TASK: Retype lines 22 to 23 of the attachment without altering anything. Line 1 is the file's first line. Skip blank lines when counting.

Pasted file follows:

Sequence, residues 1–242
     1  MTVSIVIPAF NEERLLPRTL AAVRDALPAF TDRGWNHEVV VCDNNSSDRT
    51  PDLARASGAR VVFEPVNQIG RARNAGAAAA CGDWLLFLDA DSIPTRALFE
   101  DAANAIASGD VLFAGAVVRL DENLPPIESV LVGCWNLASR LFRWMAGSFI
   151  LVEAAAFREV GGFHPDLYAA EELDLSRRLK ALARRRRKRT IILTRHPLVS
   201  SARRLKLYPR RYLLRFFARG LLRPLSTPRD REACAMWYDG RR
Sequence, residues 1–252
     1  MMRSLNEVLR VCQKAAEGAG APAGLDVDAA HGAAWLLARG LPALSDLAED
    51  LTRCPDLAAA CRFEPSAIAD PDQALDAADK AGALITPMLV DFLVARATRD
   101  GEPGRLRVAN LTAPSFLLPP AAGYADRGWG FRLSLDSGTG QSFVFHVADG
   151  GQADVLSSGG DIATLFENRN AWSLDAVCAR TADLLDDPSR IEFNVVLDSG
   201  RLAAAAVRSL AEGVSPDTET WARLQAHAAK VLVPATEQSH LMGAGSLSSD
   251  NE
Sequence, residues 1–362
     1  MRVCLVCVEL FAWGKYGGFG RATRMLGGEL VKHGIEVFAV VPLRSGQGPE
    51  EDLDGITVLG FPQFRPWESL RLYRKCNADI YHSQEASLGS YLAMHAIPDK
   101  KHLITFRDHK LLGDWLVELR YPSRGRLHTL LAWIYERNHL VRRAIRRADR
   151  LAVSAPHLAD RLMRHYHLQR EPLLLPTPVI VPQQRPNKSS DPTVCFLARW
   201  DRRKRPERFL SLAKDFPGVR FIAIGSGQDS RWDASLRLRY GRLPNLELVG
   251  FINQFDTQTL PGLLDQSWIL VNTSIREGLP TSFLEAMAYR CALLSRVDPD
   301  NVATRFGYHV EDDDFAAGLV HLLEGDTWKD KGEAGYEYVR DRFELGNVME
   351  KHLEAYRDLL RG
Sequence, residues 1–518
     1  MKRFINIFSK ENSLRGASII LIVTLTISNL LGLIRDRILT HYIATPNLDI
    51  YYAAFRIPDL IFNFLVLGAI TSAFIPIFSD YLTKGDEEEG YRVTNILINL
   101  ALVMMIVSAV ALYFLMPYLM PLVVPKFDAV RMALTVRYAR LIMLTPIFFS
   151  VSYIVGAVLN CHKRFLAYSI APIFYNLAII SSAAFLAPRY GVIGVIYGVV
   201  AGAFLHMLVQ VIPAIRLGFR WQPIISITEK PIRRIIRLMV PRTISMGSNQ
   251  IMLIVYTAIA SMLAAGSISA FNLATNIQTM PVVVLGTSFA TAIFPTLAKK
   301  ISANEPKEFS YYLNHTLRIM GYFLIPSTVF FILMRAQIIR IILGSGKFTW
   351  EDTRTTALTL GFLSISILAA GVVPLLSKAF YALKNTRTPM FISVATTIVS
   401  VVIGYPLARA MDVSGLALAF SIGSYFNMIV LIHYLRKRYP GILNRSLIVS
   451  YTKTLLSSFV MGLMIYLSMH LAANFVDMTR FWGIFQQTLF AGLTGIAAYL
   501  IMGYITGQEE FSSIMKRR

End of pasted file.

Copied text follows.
   351  KHLEAYRDLL RG
Sequence, residues 1–518